Braddock also referenced a John Hopkins study that found “confined hog factory farms are shown to have certain public health risks that have not been found to be directly associated with confined cattle factory farms,” she said. “So there is a difference.”
According to the CDC, “The most pressing public health issue associated with CAFOs stems from the amount of manure they produce,” Braddock said.
“We are asking our Bayfield County board of supervisors to enact ordinances to regulate CAFO operations, to ensure the health of our air and water and therefore our public health and safety.”
City of Ashland counsel person and concerned small business owner and grandfather Richard Ketring called water our region’s most valuable resource.
“The economy of the Chequamegon Bay region is dependent on the water as a resource for commercial and sport fishing, outdoor enthusiasts for swimming, boating, paddling, municipal governments for domestic water,” said Ketring, sharing that multiple business depend upon the clean waters of the bay for recreation and tourism.
Revenue for Bayfield and Ashland counties tourism is over 70 million dollars.
“The land use practices of concentrated animal feeding operations have contaminated water, air and soil in multiple locations across this county,” he said.
Ketring shared that due to legislations from industrial agriculturalist lobbying, some of the tools that where available in the past such as zoning and setback regulations to protect our local resources have been removed from local control.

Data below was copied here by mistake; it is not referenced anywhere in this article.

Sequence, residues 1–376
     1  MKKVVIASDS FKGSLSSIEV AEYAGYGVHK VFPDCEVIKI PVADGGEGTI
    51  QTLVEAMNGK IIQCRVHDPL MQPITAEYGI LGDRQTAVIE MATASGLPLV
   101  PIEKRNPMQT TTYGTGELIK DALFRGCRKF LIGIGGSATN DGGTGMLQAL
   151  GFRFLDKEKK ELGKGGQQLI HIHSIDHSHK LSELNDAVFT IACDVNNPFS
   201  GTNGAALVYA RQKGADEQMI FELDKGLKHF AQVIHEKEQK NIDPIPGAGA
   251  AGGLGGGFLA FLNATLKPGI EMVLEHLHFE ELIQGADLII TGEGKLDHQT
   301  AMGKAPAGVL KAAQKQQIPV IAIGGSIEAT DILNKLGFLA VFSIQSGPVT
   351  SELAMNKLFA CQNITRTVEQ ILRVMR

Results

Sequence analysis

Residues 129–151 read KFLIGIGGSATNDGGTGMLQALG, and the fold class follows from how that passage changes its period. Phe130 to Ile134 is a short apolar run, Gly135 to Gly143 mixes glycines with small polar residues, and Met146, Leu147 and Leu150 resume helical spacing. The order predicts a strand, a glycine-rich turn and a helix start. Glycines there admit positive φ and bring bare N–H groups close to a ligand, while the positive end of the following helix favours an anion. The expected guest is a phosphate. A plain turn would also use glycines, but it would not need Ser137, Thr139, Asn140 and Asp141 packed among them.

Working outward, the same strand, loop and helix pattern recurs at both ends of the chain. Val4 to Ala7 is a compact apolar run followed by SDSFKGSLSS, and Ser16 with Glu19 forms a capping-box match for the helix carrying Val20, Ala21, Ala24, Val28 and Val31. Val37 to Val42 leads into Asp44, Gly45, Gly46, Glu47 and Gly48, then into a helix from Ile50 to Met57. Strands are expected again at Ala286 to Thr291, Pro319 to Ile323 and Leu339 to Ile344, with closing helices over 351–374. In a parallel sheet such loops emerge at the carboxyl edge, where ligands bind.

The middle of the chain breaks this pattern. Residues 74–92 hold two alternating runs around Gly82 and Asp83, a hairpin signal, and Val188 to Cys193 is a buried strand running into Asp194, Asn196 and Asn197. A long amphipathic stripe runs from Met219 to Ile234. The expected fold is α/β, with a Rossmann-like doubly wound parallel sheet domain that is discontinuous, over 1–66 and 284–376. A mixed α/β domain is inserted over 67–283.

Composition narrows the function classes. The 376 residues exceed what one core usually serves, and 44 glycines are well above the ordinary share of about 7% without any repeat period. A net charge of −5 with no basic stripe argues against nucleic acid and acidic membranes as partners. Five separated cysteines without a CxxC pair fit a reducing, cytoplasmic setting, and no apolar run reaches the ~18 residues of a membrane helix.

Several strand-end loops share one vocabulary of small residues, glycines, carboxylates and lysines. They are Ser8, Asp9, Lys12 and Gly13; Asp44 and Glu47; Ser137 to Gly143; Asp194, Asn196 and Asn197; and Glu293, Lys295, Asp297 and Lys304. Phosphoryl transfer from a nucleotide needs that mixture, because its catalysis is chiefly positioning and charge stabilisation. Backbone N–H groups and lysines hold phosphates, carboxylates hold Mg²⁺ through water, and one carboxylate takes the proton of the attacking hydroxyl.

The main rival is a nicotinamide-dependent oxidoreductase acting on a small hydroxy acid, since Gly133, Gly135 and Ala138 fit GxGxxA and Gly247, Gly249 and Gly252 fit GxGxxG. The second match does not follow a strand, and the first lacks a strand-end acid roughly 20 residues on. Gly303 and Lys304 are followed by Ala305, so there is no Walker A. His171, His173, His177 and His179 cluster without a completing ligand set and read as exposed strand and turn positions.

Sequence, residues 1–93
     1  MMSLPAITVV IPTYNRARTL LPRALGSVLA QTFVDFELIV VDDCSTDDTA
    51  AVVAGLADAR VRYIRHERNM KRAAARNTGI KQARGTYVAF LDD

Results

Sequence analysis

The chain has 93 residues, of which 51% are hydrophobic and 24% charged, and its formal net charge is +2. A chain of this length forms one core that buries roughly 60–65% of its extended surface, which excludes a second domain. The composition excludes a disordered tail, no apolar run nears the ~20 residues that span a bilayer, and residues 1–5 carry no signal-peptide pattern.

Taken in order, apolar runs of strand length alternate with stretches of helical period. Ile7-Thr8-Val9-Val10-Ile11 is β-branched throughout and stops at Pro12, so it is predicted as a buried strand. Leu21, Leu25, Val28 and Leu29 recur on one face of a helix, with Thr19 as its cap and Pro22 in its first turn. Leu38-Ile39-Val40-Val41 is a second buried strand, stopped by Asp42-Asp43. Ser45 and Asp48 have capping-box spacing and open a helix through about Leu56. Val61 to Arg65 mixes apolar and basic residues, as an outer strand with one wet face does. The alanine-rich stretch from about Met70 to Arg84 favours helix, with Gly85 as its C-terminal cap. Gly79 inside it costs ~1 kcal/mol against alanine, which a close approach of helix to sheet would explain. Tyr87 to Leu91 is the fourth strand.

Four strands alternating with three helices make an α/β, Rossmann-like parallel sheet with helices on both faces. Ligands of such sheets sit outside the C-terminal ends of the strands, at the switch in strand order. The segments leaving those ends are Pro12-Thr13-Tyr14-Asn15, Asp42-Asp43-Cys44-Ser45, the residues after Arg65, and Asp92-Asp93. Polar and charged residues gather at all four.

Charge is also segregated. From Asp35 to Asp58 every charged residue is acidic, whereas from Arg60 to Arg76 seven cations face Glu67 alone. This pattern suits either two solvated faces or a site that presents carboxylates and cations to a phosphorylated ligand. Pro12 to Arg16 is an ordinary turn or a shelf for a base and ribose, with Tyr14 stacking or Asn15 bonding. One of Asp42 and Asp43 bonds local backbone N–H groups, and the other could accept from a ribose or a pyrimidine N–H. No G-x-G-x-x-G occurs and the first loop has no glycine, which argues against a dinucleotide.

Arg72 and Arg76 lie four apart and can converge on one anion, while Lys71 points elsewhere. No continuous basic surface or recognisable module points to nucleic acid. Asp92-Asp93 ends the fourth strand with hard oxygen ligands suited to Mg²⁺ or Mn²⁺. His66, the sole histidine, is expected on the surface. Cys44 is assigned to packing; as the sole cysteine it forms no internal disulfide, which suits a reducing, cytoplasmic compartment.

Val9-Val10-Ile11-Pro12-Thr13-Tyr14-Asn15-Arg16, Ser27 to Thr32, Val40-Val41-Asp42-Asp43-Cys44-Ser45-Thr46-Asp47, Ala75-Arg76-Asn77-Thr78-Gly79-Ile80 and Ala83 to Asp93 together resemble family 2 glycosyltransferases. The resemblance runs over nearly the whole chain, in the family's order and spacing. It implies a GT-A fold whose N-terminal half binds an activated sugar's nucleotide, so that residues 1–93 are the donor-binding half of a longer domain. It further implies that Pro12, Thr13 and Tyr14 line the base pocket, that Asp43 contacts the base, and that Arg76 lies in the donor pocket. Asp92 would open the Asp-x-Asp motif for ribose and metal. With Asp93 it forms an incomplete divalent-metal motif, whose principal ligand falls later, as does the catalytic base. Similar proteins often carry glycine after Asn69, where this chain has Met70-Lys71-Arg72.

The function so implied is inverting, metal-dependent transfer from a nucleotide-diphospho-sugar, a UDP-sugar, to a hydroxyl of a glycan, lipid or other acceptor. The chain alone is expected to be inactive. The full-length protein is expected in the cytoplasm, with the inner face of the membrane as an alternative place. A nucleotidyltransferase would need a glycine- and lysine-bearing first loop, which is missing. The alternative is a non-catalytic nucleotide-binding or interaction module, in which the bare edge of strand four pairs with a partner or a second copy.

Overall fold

He shared that the proposed facility will produce more sewage than the combine populations of Ashland, Bayfield and Iron counties, which will be dispersed on lands in the Fish Creek Watershed.
Michele Merkel, co-director of Food & Water Justice, the legal arm of Food & Water watch and a board member of Socially Responsible Agriculture Project, thinks people need to set the stage and take a stance on where we stand now.
“Really it’s a political fight this is about the community creating demand of their town supervisors to keep animal factories out, to actually craft an ordinance that they are willing to defend in court,” Merkel said.
Many reasons have been speculated as to why Reicks wants to bring their operations here, such as cheaper farmland or to escape a virus that’s killing pigs, but Merkel has other theories.
“It’s usually never the case that an animal factory like the Reicks operation is coming in on its own,” Merkel said, sharing that she has heard mention of regional expansion.
Due to information she has learned from Iowa Citizens for Community Improvement (Iowa CCI), a group in Iowa who has dealt with the Reicks operation, she believes they are testing out the waters here.
“We just stopped them from putting in two more facilitys in Howard County, Iowa, and they’ve publicly stated that they want to open 20 new of these operations over the course of this year alone in northeast Iowa, in the state they say they are running from, and southeast Minnesota and in Wisconsin,” Merkel said she was told by Iowa CCI.
“It’s not about one facility — this is about bringing in a lot of facilities and infrastructure if it doesn’t exist already to support them,” Merkel said adding she has also heard that the industry wants to make Superior the main export point for Midwestern agricultural.
“Ultimately it’s a cultural question for communities,” Merkel said. “What do the want their communities to look like? Do they want a community that has animal factories?”